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Boy bit by shark in video is ‘so lucky that happened’ and hopes to swim with them again

Scared of sharks? Here are 7 tips to reduce your chances of getting bit

The chances of getting bit by a shark while swimming in the ocean are very, very slim. Just in case, and to hopefully ease your mind, here are a few tips from the International Shark Attack File to reduce your chances of getting bit.
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The chances of getting bit by a shark while swimming in the ocean are very, very slim. Just in case, and to hopefully ease your mind, here are a few tips from the International Shark Attack File to reduce your chances of getting bit.

When her 8-year-old son Asher was attacked by a nurse shark on their family vacation, mother Christine Jones says the boy went through a wide range of emotions.

“He started with sheer terror,” Christine Jones said, according to The Tribune. “He literally thought he was going to die – to extreme joy in realising he was okay and had the best story ever to tell.”

Jeremy Jones, Asher’s father, told KTSU that his family had been feeding and swimming with different animals as a part of their vacation in the Bahamas when they decided to let their 8-year-old son go into the water and feed some nurse sharks.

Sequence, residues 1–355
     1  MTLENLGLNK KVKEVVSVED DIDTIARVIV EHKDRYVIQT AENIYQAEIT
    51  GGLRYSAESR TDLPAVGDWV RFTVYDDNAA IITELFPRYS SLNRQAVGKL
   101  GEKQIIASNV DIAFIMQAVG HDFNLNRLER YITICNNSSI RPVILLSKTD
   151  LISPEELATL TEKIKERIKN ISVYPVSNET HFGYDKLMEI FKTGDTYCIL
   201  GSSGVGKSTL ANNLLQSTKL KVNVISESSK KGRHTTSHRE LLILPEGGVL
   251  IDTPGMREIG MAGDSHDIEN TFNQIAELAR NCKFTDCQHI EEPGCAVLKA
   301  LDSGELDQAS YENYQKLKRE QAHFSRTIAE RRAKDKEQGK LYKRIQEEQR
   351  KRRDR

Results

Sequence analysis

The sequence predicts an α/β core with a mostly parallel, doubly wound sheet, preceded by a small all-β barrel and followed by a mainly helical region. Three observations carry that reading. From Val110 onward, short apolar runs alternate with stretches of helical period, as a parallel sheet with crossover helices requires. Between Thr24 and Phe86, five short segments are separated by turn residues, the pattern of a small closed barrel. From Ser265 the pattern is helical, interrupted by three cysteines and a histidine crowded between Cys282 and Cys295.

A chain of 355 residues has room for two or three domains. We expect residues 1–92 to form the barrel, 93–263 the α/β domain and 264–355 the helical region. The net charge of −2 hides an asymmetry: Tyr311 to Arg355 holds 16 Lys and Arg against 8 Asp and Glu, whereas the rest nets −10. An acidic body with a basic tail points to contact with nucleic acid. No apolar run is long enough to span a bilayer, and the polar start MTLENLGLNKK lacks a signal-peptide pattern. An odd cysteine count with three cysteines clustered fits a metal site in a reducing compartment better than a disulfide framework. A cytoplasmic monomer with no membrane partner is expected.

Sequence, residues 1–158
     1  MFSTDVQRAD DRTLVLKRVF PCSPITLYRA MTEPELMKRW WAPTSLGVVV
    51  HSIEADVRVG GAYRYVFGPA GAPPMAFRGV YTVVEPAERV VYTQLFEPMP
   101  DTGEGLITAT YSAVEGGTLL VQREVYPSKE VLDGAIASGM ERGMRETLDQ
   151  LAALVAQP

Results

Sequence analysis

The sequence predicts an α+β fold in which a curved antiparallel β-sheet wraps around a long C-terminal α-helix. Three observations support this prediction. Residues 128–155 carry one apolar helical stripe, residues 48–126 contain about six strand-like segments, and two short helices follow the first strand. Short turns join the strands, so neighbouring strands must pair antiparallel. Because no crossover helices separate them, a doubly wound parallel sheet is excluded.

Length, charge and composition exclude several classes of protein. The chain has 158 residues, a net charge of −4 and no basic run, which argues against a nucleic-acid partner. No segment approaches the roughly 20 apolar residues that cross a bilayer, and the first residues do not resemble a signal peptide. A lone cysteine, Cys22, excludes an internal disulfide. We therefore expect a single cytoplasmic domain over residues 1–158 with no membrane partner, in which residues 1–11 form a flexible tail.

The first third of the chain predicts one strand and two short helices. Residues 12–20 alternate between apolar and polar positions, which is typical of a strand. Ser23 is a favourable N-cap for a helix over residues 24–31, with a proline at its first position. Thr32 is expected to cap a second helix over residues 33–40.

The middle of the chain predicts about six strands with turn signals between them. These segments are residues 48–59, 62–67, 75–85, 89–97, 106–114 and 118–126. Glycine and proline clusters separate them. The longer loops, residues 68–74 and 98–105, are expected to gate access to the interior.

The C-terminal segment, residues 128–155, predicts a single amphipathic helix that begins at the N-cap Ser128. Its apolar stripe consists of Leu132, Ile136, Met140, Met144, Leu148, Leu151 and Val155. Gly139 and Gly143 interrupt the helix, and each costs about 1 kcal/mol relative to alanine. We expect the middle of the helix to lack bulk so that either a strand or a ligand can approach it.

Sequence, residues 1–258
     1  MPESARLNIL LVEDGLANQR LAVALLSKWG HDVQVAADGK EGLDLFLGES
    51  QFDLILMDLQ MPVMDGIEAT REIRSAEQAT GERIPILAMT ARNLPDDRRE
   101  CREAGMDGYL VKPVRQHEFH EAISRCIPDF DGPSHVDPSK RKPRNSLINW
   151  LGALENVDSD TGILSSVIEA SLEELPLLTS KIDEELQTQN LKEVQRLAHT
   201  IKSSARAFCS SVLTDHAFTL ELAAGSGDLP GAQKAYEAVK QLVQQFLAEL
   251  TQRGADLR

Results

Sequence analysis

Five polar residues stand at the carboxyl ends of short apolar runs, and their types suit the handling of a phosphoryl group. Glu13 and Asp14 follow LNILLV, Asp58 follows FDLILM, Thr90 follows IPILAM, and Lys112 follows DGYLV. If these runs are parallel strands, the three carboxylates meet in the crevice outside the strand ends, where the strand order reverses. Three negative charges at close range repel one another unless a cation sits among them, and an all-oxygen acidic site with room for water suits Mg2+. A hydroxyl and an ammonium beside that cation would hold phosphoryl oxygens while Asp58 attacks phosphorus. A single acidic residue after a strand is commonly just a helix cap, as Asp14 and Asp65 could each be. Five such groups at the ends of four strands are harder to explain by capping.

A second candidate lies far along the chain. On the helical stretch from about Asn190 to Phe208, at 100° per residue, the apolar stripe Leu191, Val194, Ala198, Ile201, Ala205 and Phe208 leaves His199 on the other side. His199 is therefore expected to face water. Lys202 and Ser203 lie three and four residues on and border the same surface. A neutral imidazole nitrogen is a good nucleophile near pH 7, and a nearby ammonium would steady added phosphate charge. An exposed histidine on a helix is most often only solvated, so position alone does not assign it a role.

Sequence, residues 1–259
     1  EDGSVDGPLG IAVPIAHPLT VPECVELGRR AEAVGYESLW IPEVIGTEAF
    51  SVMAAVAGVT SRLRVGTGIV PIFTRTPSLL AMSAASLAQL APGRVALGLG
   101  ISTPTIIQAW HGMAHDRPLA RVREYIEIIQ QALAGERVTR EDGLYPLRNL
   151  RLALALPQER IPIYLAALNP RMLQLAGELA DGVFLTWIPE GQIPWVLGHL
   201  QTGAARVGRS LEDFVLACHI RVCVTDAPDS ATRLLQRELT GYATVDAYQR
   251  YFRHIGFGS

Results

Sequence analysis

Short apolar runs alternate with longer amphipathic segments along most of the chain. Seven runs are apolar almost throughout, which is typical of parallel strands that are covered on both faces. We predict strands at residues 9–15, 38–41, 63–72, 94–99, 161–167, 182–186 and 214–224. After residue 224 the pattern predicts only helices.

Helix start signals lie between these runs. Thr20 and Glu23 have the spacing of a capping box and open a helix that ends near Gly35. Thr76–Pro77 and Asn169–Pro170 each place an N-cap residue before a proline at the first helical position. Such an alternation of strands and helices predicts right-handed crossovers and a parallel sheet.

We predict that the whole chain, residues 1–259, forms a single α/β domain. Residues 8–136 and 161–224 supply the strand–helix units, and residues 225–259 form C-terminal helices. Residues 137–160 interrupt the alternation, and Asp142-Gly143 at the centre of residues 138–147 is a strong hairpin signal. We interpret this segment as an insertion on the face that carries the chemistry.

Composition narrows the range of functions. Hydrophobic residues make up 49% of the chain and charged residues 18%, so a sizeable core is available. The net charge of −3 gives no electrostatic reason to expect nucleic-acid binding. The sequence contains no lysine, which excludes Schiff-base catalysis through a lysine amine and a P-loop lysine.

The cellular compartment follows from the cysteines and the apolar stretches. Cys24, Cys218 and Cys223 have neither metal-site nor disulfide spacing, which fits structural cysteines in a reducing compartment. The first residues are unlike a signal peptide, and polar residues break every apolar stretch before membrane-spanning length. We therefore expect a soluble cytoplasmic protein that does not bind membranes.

No one was worried about the sharks, Jeremy Jones said, as they are known to be docile.

“It was portrayed that we weren’t in any major or real danger,” he said, according to KTSU.

Nurse sharks are “for the most part, harmless to humans,” according to National Geographic, but they also have “very strong jaws filled with thousands of tiny, serrated teeth.”

Dr. Chris Pepin-Neff, an expert on sharks at the University of Sydney, wrote on Twitter that it’s “exceedingly rare” to see a nurse shark attack.

Assuming the nurse sharks were safe, however, proved to be a mistake for the Jones’ family.

Christine Jones said Asher went into the waters off the Exuma Cays while chum was being thrown in the water to feed the nurse sharks, according to The Tribune. As she recorded on her phone, the mom says, she heard any parent’s worst nightmare.

“Not just any scream; the kind of scream that makes a mum’s world go into slow motion,” she told The Tribune. “Just thinking about his scream makes me feel sick and makes my heart rate go up.”

As seen in the beginning of this video from PEOPLE Magazine, a small nurse shark latches onto Asher’s shoulder — as multiple adults rush over and pry the hungry animal away.

Jeremy Jones, one of those adults, explained how he managed to separate the shark from his screaming son, Fox13 reported.

“I was able to grab onto the shark as it grabbed onto his back,” he said, according to Fox13. “And my left hand fingers went into his gills and my right hand touched on one of the fins, but as soon as I did that the shark let him go.”

Despite the scary attack, Asher doesn’t need any stitches and said he is “so lucky that happened to me” because of the cool story it gives him, according to KTSU. He added that “I think I will swim with sharks again.”

And what did his mom take away from the experience?

“After doing some research about nurse sharks and the risks of interaction,” she told the Tribune, “I would not now allow my children to get into the water and interact the way they did, especially with chum being thrown in.”

Remarkable video has emerged from Florida of a man battling to remove a nurse shark from his body after being bitten. The footage, captured on September 2 off the coast of Marathon city, shows Ervin Maccarty stepping onto his boat with the shark h

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